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German Shepherds Size

Updated on July 11, 2017

If you know anything about German shepherds, you know that they are big, strong dogs. While they are far from the biggest dog breed, they were traditionally bred for size and strength, as both were important to the work that they did in the fields and as police dogs. But just how large is your German shepherd supposed to be? Here’s everything you need to know about German shepherds and their size:

Male German Shepherd Size

The average male German shepherd is in between twenty-four and twenty-six inches tall and weighs in between seventy-seven and eighty-five pounds. For the average person, a male German shepherd will come up to at least his hip. If one of these dogs were to jump up, they would be at least as tall as the average person. While definitely not the biggest dog breed on record, these dogs are bred to be extremely strong and extremely fast.

These two characteristics were ideal not just for their work in the field, where they would often be put to work watching sheep flocks, but also as guard dogs, police dogs, and military dogs. They are not so large that they cannot also be fast. Their size supports their bite strength and gives them enough speed to effectively chase down criminals or fend off wolves and other predators.


Female German Shepherd Size

Female German shepherds are usually a little bit small than their male counterparts. The average female will be between twenty-two and twenty-four inches tall, and weight in between seventy and eighty pounds. Most dogs will get to this size by the time they are a year old. And while they might get to their full height by the end of their first year, many dogs will not fully bulk up to their full size and weight until they are at least two years old.

While your dog might appear to be fully grown at one year old, the truth is that he or she will still be an adolescent dog at this point, and you might start to experience behavioral problems that you never saw when your German shepherd was a puppy. Don’t let your German shepherd’s size fool you—at a year old, they are still fairly young and need discipline and structure in order to grow into well-adjusted adult dogs.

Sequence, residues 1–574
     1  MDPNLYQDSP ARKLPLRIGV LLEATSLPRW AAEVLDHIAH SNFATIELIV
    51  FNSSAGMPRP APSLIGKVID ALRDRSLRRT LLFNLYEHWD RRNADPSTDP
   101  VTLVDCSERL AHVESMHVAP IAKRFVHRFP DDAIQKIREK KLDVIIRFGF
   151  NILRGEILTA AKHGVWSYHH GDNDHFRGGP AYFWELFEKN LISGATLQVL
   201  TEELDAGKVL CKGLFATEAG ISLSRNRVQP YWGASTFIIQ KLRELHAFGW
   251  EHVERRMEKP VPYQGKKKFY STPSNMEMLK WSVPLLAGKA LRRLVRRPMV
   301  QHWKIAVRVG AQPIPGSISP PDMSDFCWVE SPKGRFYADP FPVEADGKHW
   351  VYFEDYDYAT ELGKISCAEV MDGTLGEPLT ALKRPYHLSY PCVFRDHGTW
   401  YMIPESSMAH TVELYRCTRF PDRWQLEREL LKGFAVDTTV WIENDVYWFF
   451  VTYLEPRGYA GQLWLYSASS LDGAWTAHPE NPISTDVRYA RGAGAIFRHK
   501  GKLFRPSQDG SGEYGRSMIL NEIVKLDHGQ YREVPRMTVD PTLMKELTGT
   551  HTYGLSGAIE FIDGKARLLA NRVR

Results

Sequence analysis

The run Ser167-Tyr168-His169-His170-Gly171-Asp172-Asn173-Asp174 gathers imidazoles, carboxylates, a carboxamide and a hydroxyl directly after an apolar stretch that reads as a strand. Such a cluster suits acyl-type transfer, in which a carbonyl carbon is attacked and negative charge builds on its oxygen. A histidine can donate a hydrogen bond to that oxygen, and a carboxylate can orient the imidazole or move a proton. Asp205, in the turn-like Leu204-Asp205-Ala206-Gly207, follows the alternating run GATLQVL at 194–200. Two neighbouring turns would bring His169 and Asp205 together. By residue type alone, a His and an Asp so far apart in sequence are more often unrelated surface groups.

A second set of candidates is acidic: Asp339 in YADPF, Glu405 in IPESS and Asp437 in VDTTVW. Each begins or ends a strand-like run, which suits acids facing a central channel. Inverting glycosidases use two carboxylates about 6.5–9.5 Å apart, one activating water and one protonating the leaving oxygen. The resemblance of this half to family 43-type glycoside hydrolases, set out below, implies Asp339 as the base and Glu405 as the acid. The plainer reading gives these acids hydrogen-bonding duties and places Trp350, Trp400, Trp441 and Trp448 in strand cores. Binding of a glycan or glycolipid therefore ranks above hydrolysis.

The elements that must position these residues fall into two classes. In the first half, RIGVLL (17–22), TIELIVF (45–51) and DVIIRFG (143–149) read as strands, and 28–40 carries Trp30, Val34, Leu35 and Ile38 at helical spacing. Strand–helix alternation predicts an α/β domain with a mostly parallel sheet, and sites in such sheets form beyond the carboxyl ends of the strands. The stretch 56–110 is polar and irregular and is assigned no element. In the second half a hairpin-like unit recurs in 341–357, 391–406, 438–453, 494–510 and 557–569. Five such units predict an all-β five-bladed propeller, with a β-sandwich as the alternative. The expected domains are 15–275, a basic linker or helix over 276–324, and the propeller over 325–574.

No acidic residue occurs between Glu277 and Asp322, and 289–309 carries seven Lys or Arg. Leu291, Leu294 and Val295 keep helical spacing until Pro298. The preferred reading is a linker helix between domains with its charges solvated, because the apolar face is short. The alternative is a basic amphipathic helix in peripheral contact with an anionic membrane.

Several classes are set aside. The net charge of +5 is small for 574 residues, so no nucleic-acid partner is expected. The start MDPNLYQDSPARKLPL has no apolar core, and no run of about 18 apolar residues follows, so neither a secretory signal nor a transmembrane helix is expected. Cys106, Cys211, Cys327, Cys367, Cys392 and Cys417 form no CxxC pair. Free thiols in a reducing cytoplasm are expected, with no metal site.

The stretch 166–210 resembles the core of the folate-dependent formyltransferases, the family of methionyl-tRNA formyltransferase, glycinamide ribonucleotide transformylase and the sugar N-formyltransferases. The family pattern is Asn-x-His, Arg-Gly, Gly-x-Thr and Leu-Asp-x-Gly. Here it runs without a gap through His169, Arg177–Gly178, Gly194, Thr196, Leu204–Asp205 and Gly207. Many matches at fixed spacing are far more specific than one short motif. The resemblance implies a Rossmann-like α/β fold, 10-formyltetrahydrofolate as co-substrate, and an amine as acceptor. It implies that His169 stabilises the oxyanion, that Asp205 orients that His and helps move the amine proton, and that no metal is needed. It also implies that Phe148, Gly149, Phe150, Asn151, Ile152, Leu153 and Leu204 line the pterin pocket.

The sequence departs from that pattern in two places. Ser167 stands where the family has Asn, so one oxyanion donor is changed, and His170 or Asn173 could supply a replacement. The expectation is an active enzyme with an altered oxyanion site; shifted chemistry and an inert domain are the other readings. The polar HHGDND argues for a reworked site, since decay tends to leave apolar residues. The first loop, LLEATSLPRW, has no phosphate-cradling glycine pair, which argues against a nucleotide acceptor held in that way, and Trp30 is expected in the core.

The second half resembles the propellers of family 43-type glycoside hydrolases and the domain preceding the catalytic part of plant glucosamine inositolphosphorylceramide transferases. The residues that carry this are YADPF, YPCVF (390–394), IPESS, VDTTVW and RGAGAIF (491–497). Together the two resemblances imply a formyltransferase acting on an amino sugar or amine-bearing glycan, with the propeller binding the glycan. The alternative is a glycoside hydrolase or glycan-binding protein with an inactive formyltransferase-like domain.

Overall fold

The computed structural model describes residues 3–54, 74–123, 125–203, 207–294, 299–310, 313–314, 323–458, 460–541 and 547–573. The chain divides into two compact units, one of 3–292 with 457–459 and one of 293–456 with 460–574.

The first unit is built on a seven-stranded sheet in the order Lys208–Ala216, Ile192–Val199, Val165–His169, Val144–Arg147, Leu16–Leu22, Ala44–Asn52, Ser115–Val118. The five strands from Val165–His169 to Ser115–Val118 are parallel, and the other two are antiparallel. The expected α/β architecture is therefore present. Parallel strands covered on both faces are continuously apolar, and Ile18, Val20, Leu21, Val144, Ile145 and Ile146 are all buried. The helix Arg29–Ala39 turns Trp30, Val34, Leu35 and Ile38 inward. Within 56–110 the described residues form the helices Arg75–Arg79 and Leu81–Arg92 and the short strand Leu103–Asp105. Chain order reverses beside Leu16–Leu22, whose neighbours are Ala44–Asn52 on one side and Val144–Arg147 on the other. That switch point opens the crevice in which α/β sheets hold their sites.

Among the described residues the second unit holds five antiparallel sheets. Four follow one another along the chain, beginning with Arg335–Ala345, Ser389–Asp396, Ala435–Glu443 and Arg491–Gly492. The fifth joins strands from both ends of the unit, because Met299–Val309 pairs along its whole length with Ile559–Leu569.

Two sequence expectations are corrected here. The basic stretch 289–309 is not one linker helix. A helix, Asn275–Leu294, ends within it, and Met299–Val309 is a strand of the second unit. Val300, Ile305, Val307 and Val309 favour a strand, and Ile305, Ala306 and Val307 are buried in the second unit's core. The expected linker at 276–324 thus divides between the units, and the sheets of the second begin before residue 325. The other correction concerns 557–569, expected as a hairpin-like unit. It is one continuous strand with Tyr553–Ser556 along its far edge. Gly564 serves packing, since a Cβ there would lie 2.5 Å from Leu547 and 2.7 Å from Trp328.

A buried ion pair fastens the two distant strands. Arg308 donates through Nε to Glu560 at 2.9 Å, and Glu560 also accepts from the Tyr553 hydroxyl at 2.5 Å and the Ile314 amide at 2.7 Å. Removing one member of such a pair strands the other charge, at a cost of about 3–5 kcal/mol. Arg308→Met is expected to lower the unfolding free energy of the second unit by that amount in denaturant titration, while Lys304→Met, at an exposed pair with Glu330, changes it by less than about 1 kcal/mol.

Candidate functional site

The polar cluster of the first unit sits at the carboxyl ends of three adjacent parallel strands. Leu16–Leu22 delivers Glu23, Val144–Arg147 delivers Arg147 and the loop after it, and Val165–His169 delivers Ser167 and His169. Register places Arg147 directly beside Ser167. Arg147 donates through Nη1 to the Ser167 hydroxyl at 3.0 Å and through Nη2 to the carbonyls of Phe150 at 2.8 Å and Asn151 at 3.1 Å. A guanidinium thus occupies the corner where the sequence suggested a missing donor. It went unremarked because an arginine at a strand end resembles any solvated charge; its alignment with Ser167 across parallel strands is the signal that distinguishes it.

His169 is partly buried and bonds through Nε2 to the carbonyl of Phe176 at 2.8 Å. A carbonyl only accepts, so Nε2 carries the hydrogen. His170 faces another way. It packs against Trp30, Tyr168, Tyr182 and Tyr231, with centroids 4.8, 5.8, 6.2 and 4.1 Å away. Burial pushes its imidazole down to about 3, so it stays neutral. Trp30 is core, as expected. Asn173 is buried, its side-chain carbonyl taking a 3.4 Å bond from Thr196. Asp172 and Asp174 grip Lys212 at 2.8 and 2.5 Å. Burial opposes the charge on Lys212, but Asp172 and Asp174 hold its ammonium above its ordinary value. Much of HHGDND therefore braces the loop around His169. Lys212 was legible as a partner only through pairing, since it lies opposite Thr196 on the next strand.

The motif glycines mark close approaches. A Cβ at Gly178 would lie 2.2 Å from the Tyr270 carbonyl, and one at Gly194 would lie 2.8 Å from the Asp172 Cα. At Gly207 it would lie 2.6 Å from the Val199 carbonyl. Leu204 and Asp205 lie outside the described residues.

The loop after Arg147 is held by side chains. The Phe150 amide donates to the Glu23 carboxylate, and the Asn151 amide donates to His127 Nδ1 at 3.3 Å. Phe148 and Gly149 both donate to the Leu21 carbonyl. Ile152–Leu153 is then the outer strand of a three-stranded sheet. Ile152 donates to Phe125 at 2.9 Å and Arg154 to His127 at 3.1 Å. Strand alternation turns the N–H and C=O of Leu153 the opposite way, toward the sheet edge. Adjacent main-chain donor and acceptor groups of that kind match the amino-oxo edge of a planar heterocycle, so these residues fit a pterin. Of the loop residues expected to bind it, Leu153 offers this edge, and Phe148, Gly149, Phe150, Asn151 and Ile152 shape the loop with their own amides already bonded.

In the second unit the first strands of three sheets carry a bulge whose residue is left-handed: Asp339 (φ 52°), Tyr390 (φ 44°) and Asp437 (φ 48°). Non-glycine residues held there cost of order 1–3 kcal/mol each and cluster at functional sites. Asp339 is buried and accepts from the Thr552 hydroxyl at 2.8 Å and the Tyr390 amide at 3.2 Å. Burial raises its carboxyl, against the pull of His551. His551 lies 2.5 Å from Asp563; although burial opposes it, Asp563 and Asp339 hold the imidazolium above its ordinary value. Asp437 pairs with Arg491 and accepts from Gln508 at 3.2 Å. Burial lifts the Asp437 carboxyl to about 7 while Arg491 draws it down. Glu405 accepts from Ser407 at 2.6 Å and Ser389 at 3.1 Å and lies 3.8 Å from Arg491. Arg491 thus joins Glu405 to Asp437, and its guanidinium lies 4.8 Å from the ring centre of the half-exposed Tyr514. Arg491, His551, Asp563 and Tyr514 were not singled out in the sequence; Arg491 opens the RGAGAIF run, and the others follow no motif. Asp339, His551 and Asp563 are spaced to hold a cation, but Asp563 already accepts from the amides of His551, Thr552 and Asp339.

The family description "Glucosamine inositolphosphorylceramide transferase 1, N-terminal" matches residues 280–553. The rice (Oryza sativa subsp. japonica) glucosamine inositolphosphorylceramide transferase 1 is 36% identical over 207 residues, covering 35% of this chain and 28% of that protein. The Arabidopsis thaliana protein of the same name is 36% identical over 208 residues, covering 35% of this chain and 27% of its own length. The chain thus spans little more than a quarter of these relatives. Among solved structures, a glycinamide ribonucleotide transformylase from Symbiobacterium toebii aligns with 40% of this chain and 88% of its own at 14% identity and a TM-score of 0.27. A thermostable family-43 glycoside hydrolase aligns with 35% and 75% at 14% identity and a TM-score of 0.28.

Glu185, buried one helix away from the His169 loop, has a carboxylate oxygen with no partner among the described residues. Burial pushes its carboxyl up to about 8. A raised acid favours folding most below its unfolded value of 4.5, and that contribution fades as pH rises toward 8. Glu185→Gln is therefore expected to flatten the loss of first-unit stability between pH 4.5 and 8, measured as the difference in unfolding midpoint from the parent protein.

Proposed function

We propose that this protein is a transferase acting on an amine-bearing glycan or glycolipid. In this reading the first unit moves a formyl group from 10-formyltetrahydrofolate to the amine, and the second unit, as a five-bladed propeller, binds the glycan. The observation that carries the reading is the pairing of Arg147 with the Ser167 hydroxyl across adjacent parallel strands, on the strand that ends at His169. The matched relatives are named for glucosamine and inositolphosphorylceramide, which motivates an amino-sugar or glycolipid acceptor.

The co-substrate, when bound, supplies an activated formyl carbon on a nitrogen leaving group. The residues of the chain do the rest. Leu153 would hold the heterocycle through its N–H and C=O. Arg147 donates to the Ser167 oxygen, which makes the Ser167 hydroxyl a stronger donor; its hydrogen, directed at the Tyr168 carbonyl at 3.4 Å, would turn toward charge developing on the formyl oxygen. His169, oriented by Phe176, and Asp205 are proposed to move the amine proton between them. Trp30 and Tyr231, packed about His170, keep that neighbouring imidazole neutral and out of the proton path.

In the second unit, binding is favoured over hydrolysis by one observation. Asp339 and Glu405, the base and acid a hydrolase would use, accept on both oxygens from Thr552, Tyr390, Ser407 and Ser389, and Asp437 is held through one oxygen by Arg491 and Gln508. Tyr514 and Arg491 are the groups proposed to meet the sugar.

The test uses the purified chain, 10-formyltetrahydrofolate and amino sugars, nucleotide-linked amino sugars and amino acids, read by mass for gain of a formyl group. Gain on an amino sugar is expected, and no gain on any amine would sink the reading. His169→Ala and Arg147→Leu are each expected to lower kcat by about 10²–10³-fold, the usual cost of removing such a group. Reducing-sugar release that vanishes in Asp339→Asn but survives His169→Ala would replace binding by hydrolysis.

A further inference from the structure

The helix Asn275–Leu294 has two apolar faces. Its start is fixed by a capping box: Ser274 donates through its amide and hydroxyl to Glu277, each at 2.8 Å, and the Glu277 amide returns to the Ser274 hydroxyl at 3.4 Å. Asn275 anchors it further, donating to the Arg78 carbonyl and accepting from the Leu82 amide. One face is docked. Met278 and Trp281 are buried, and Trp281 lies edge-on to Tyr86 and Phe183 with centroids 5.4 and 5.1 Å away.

Size-Related Health Issues

As with any large dog, German shepherds are going to experience some health issues related to their size. One of the biggest common issues for large dogs is hip and elbow dysplasia. Even if your German shepherd never experiences these issues, they will likely develop some sort of joint-related problem. Arthritis is very common in older GSDs, because of the weight and pressure that has been put on their joints over time. Simply because of their size, even a fit, healthy dog who exercises regularly and eats a perfectly balanced diet can develop arthritis in his senior years.

Another issue that is common with dogs of a German shepherd’s size is gastric dilation volvulus, or bloat. This is a condition caused by eating too much, too quickly, and then participating in physical activity after eating.

Other size-related health issues include cardiomyopathy, mitral valve disease, and sub-aortic stenosis. In large dogs, the heart has to work much harder to pump blood through the entire body, making it much more susceptible to diseases, just like in humans.

Size is just one of the many aspects of what makes this breed great. Their size makes them ideal protectors and guardians, and their innate loyalty and intelligence ensures they will be easy to train and great to have around.


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